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NATO chief wants to let Ukraine use Western-supplied missiles to strike inside Russia

Even before the comments, Western nations were engaged in a fierce debate over whether to let Ukraine use NATO-supplied missiles for strikes inside Russian territory.

(CN) — With Russia advancing on the battlefields of Ukraine, NATO's chief is urging the Western military alliance to allow Kyiv to use Western-supplied missiles for strikes inside Russia.

The United States, Germany and other alliance members have forbidden Kyiv from using their weapons to strike targets inside Russia, such as arms warehouses and command centers. But in the past several days, NATO Secretary-General Jens Stoltenberg has stirred controversy by advocating for a change to this posture.

Stoltenberg's call for lifting restrictions adds to a sense that NATO powers are becoming more directly involved in the war as Ukraine struggles with a lack of manpower, ammunition, weapons, air defenses, aircraft and equipment. Russian forces are making slow advances along the front lines, and it appears the Kremlin is preparing to launch a major summer offensive.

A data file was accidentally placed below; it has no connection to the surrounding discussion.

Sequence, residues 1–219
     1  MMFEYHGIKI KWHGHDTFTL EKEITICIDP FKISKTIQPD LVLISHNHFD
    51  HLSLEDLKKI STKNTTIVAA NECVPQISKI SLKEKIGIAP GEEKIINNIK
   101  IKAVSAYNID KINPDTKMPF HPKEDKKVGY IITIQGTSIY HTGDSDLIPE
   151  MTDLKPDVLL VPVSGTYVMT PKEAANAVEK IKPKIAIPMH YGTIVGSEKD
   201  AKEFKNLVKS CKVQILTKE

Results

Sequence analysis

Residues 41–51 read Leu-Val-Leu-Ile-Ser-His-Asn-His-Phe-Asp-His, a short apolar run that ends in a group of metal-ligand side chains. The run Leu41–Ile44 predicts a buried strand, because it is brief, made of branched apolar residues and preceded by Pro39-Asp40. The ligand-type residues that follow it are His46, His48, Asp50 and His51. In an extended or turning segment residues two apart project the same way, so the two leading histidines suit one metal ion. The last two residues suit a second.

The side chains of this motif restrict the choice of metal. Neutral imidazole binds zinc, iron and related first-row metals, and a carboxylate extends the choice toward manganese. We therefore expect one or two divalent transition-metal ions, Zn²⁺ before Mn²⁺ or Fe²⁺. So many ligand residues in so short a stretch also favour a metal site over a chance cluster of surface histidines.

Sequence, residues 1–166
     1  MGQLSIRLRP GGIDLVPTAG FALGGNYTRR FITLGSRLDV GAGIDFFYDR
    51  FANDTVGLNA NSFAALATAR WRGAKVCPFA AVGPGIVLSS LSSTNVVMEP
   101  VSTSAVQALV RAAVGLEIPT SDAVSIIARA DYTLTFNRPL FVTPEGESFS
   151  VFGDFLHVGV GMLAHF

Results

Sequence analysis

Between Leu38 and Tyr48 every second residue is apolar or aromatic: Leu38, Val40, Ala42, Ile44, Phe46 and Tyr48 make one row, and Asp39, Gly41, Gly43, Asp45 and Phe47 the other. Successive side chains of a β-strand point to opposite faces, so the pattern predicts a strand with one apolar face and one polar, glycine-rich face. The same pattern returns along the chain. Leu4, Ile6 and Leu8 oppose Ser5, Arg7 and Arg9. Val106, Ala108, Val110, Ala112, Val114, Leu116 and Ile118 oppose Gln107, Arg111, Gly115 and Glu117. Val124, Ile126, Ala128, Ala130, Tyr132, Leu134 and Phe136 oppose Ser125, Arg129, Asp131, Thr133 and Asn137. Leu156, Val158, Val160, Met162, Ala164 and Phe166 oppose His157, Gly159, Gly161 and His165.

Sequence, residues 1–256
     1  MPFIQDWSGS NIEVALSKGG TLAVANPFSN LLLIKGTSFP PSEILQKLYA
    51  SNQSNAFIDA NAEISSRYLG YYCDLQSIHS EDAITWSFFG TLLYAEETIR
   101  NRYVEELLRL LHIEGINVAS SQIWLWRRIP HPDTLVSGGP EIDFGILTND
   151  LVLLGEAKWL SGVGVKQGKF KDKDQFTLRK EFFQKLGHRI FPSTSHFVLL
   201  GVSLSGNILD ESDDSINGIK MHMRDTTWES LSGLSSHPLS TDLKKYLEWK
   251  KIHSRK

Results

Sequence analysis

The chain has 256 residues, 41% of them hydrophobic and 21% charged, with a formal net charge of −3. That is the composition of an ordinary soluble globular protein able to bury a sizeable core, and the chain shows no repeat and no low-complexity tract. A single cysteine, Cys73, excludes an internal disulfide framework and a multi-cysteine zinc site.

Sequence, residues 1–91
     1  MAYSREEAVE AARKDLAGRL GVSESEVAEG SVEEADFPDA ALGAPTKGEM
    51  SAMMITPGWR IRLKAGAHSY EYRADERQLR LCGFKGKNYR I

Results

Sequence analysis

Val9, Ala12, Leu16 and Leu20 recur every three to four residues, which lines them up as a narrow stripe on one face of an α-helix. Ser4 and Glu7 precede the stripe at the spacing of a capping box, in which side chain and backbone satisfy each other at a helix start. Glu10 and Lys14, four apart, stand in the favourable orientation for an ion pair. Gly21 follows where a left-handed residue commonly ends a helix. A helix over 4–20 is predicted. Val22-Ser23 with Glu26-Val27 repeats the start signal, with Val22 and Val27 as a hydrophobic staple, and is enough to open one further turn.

The growing involvement of the West came into focus on Monday, when Col. Gen. Oleksandr Syrskyi, the commander-in-chief of Ukraine's armed forces, announced he signed an agreement to allow French military instructors into the country. He urged other Western countries to join the French initiative.

Since February, French President Emmanuel Macron has said he would not exclude sending troops to Ukraine — though the Élysée did not confirm it had entered the agreement on sending instructors, saying discussions were ongoing. Meanwhile, Russia claims that foreign fighters, including French troops, have already been on the ground in Ukraine for months.

Among Western leaders and experts, debate is raging about whether to encourage Ukraine to strike at targets inside Russia with Western long-range missiles and weapons.

“The time has come for allies to consider whether they should lift some of the restrictions they have put on the use of weapons they have donated to Ukraine,” Stoltenberg said in an interview with The Economist on Friday. “Ukraine has the right to defend themselves. And that includes striking targets on Russian territory.”

He said the restrictions were limiting Ukraine's ability to defend itself. He pushed this argument on Monday and Tuesday during NATO meetings in Sofia and Brussels.

Stoltenberg is voicing what appears to be growing pressure on reluctant NATO members to lift restrictions.

In recent days, U.S. Secretary of State Antony Blinken, British Foreign Secretary David Cameron and diplomats from the most anti-Russia NATO countries — including the Netherlands, the Czech Republic, Poland and the Baltic nations — have also called for lifting restrictions.

Officially, Washington says it does not allow Ukraine to use U.S.-supplied weapons to attack targets inside Russia's internationally recognized borders. Nonetheless, media reports suggest the White House is also considering shifting posture.